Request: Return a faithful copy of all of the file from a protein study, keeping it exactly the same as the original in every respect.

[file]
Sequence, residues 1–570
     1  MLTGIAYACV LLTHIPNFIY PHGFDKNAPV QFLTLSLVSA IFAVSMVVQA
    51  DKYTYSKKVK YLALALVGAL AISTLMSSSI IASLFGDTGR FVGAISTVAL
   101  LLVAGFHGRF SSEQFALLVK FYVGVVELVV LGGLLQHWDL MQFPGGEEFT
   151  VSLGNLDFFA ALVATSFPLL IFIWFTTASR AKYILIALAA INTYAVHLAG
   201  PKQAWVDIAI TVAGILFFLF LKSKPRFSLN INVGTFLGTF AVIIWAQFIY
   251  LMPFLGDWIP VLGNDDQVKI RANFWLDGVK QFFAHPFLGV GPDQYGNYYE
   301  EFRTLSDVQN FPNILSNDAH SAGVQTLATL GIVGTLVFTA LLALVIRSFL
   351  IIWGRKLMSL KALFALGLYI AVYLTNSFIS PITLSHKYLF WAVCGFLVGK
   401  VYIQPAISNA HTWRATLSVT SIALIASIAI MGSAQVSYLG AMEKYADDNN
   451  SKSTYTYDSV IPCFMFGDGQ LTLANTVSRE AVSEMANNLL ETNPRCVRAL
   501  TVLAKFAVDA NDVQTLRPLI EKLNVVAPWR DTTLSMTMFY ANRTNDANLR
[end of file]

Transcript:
Sequence, residues 1–570
     1  MLTGIAYACV LLTHIPNFIY PHGFDKNAPV QFLTLSLVSA IFAVSMVVQA
    51  DKYTYSKKVK YLALALVGAL AISTLMSSSI IASLFGDTGR FVGAISTVAL
   101  LLVAGFHGRF SSEQFALLVK FYVGVVELVV LGGLLQHWDL MQFPGGEEFT
   151  VSLGNLDFFA ALVATSFPLL IFIWFTTASR AKYILIALAA INTYAVHLAG
   201  PKQAWVDIAI TVAGILFFLF LKSKPRFSLN INVGTFLGTF AVIIWAQFIY
   251  LMPFLGDWIP VLGNDDQVKI RANFWLDGVK QFFAHPFLGV GPDQYGNYYE
   301  EFRTLSDVQN FPNILSNDAH SAGVQTLATL GIVGTLVFTA LLALVIRSFL
   351  IIWGRKLMSL KALFALGLYI AVYLTNSFIS PITLSHKYLF WAVCGFLVGK
   401  VYIQPAISNA HTWRATLSVT SIALIASIAI MGSAQVSYLG AMEKYADDNN
   451  SKSTYTYDSV IPCFMFGDGQ LTLANTVSRE AVSEMANNLL ETNPRCVRAL
   501  TVLAKFAVDA NDVQTLRPLI EKLNVVAPWR DTTLSMTMFY ANRTNDANLR